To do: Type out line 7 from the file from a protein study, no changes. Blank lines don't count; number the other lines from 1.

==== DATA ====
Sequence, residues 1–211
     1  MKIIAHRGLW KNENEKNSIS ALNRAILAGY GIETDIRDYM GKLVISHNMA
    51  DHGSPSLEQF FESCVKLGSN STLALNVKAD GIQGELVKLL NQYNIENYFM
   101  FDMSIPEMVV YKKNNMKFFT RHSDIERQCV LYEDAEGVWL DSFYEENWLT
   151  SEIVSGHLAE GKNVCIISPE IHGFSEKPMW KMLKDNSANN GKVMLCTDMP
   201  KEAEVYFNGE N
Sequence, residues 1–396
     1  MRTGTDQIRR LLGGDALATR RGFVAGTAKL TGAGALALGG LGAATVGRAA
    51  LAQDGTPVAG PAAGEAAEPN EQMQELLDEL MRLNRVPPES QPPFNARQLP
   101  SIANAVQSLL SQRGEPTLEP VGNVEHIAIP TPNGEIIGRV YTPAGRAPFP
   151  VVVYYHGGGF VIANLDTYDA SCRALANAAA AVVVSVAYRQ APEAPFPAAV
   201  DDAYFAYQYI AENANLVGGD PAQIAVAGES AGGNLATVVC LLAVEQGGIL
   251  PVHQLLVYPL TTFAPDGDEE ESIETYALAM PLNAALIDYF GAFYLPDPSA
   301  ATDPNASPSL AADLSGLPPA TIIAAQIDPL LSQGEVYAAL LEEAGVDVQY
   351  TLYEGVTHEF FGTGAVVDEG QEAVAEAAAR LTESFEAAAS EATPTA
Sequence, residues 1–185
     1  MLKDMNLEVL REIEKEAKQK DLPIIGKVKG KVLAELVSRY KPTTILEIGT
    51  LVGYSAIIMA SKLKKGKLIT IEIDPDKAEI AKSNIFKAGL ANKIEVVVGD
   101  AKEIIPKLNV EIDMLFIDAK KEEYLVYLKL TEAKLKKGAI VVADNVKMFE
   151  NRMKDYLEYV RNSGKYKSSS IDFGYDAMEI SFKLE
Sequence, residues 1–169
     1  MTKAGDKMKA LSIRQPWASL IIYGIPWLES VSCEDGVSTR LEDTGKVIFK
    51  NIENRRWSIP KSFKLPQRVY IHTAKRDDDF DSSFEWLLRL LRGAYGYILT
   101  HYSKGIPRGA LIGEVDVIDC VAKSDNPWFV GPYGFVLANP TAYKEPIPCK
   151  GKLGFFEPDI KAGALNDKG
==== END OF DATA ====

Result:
Sequence, residues 1–396